Avalanches occur when snow builds up to unstable levels on a steep surface, causing it to slide and fall. This can be due to a lack of vegetation supporting the snow, multiple layers of snow or ice, an increase in temperature or too heavy a snowfall over a short period.
When snow falls on a mountain, each part of the slope collects some of the snowfall, allowing the excess to slide or fall down to lower levels safely. Avalanches can occur when large amounts of snow build up in unstable areas of the mountainside either due to heavy snowfall or temperature conditions. For instance, cold temperatures may allow large snowdrifts to build up and freeze together, only to present an avalanche danger when temperatures rise and the mass begins to melt and fracture.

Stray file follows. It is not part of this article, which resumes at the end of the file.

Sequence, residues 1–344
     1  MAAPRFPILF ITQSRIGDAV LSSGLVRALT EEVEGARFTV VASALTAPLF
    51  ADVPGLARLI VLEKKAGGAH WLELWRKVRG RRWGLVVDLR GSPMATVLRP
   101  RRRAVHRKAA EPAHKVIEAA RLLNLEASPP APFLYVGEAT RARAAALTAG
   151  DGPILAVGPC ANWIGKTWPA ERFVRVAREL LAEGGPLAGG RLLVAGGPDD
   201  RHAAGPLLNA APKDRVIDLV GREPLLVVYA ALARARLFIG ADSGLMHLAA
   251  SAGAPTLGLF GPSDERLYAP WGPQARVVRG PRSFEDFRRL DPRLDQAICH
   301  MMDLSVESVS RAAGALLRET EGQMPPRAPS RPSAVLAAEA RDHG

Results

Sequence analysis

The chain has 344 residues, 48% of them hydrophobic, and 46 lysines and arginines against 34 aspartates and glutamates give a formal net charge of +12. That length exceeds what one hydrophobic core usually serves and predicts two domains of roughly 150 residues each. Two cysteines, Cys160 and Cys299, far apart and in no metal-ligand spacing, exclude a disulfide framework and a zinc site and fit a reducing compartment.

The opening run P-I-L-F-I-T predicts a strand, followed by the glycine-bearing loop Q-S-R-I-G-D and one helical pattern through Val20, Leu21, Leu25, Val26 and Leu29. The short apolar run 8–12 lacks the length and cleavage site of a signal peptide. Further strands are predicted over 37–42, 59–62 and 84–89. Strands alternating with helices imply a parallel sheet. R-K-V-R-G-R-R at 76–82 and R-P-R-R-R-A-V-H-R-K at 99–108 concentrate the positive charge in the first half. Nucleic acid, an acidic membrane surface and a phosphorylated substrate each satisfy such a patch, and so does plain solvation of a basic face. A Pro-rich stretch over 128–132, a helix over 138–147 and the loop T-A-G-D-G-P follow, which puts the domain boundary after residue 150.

When a slope holds an unstable mass of snow, it is prone to avalanches. Loud sounds and vibrations can trigger avalanches although this propensity is often exaggerated in movies and cartoons. Most avalanches are caused by people climbing or skiing into these unstable snow zones, with their movement and weight providing the tipping point to bring the snow field down around them. Gravity can also be enough to trigger an avalanche as can increased load due to precipitation.